Although I have wandered far from my desert home of snowless winters and juicy pomegranates, I still miss my native cuisine, which, is my opinion, is among the best in the world. To make matters worse, some of it cannot be re-created quite in the same way outside the region, especially not deep in the heart of North America. Fortunately, the all-around wonderful bi-lingual AZ Cookbook website offers numerous traditional Azeri recipes adapted for stateside measurements and ingredients. Thanks to its author, Farida, I have been able to add to my repertoire a classic Azerbaijani pilaf – the heart and soul of every celebratory occasion.
Now what makes Azerbaijani pilaf stand out is the texture of the rice – tender and fluffy but with each grain holding its own rather than clinging to others. There are many variations on this beloved classic, which can incorporate a range of ingredients such as lamb, fish, poultry, greens, or winter squash, but, in my mind, the archetypal pilaf includes dried fruits, chestnuts, and chicken, and this is precisely the version Farida shares on her site.
Although I deviated from the original recipe once or twice, the only notable difference is in my decision to cook my chicken differently from the method suggested because a farm-raised eight-pounder takes much longer to cook than its supermarket counterpart.
Now here’s the most important secret: to get the grain to cook just right, the first step is to soak the rice for about half-an-hour to remove excess starch in a bit of salty, lukewarm water. Farida actually rinses the rice first before soaking, but for some reason I didn’t.
White basmati rice. Not brown. White.
Just a little bit of salt…
Rather than rinsing the rice before soaking, I rinsed it afterwards (for no particular reason).
Now we’re going to be committing a bit of a sacrilege here – using a rice cooker!
I used twice the amount of water as that of rice, which is consistent with the rice-cooker’s instruction booklet and my general knowledge of cooking white rice. Note that, in this step, we’ll only be cooking the rice until it is partially done and not all the way. Farida does a real good job explaining the exact degree of desired doneness in her recipe.
These kids keep hanging around the kitchen. Not sure where they came from.
And then compare with mine. I just pierce the skin in the middle and sort of slice through the skin in each direction.
We’ll have to boil our chestnuts for 10 minutes before we can peel them.
At which point mine will kind of fall into halves, which I don’t mind (although Farida’s stay intact). But first let them cool, eh?
Next, dried fruit. You can use a variety here – golden raisins, dried plums, but, whatever you do, be sure to include dried apricots.
Aren’t they beautiful?
I always use sulphured ones because unsulphered apricots, in my opinion, look and taste terrible.
My goodness, are these ever gorgeous.
The other type of dried fruit I opted to use in this case was craisins, or dried cranberries. They are pretty and tangy and I thought they worked perfectly.
Next, we will saute the fruit and the chestnuts in butter for a few minutes. However, I found that dried fruit thus cooked stayed, for the most part, too tough and dry (note that this was NOT Farida’s experience – I checked in with her about that. Must be the quality of the fruit available at our food cooperative). Anyhow, next time I intend to soak these before sauteeing.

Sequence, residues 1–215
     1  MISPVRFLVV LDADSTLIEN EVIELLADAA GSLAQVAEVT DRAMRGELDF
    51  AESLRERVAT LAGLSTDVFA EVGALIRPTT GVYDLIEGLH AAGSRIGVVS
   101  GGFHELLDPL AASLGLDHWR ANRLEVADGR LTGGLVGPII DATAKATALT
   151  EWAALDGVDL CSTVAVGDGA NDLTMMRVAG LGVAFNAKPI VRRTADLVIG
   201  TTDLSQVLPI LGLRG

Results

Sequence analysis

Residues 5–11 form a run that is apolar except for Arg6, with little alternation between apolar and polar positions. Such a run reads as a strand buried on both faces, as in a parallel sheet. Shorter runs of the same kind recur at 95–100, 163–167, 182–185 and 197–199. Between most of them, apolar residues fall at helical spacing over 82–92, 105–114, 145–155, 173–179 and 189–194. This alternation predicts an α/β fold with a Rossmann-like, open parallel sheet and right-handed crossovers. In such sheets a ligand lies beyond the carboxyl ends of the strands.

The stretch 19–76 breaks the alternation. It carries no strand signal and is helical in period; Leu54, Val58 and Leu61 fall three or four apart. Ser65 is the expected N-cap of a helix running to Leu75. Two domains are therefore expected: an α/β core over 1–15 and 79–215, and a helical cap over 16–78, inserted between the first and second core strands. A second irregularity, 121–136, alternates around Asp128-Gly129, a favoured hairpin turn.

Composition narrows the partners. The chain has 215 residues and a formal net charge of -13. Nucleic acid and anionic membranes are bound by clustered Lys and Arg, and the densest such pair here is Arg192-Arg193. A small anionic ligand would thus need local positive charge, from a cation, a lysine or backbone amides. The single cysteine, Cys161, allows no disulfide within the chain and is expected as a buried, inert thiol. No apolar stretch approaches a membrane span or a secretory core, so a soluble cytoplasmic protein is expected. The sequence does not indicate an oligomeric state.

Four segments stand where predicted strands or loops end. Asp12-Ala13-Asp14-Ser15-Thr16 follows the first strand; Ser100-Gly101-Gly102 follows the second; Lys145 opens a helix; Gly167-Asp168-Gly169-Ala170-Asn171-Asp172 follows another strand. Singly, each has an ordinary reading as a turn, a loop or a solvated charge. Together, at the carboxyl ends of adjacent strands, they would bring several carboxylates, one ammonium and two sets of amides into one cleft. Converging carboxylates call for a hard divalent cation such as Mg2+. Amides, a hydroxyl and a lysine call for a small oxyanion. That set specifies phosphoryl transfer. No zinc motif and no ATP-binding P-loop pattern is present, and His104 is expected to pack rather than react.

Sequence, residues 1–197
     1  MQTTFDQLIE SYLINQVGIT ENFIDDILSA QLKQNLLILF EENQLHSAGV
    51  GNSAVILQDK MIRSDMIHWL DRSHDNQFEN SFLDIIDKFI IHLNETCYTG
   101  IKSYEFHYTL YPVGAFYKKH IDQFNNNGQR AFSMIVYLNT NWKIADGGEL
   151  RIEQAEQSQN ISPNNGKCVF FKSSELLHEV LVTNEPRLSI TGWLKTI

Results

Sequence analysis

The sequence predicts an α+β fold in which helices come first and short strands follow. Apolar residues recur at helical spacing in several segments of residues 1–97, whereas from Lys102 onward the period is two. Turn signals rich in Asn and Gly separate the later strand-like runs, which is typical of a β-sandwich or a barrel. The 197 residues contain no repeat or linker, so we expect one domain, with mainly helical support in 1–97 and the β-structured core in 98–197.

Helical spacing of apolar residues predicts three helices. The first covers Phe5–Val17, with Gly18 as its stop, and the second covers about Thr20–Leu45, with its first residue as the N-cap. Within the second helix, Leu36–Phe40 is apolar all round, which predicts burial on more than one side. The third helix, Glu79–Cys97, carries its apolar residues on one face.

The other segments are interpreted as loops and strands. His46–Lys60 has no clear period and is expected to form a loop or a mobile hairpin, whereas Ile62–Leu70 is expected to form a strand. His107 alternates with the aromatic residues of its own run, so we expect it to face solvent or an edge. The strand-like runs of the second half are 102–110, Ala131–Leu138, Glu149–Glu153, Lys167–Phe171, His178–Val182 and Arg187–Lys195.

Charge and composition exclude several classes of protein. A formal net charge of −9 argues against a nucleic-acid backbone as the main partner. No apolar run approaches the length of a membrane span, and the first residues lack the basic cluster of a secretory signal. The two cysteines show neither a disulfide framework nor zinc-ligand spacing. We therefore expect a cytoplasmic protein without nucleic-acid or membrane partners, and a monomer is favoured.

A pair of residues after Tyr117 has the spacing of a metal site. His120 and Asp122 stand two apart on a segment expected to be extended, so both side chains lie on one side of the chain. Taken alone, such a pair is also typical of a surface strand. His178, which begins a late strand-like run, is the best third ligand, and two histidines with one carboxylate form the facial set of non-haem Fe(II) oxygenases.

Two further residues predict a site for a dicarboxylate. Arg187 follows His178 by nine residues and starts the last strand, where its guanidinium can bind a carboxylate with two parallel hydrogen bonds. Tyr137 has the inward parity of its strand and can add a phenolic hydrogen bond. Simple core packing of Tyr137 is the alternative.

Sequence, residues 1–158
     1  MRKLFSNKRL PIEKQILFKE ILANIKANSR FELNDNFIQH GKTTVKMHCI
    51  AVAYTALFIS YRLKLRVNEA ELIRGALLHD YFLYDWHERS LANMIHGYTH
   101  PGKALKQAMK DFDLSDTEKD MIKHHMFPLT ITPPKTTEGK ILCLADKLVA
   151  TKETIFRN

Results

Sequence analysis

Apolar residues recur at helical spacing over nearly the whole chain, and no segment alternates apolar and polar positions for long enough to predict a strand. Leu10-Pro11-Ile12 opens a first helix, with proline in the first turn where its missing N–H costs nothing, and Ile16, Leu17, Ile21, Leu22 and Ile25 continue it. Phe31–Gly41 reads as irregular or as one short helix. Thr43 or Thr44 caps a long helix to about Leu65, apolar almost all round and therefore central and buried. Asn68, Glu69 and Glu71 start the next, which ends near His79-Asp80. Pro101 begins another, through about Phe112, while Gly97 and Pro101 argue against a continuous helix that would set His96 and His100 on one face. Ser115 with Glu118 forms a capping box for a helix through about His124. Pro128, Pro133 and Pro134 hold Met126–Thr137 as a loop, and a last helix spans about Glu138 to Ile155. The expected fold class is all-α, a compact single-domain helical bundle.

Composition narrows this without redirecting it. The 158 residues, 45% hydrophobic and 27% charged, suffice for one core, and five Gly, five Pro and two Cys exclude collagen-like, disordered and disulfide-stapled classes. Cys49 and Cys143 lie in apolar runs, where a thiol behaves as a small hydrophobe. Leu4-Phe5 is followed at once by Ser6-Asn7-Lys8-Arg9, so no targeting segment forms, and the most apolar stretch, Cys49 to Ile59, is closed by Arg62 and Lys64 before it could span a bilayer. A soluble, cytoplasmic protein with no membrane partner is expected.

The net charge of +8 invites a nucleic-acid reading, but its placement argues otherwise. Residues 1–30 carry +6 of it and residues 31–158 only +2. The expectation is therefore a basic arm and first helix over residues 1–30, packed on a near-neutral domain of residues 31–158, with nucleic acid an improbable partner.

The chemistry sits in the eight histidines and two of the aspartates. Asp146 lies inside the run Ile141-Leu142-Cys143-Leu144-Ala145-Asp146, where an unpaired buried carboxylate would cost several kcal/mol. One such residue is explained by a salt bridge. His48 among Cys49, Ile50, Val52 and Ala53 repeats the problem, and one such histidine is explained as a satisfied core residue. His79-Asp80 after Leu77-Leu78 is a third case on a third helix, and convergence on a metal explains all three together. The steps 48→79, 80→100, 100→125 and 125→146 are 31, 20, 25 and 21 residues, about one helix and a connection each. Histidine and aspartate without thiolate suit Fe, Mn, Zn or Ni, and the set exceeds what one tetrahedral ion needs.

Either way, the fruit will plump up and start looking like this.
Next, I sauteed the onions in butter (not shown) instead of cooking them together with the chicken as suggested by the original recipe. I did it in a dutch oven, which is where I cooked the actual pilaf.
The other component we’ll be needing is saffron water for flavoring and partially coloring our rice. In this case I didn’t know that the strands were supposed to be ground in a mortar and pestle first before adding hot water, but it worked anyway. Farida’s method for proper saffron-water preparation can be found here. This saffron that you see here, by the way, came from Azerbaijan.
Now we are ready to roll – we’ve got carved roast chicken, sauteed fruits and chestnuts, sauteed onions in the dutch oven, saffron water, partially-cooked, drained rice, and not-here-shown melted butter. This is a layered pilaf, by the way, so we want all of the ingredients to be ready to go before we begin.
I started by layering chicken on top of the onions…
Half of the rice on top of chicken…
All of the dried fruit on top of the rice…
Then topped everything with the remaining rice and drizzled with melted butter…
And saffron water.
Note that Farida was careful to arrange her rice in a mound, but for some reason I had a hard time doing that. I don’t think that was a problem, though.
And here is a neat trick – wrap the lid of the pot where you’ll be cooking your pilaf in a kitchen towel and tie the ends on top of the lid (lest they catch fire). This is done to absorb the steam and to prevent rice from becoming soggy and goey. And then you pretty much cook it, thus covered, over low heat until the rice is done (for me it took 20 min).
And this is what it will look like. Now note that this picture was taken before I realized that you are supposed to stir together all of the pilaf components to re-distribute the butter and the onions evenly, for a proper pilaf is nice and buttery. As you can see, some of the grains have been colored by the saffron and some haven’t, but I think this little bit of contrast is part of the idea.
It’s a little funny to see my American kids eating Azerbaijani pilaf in Wisconsin…
But I think they approved.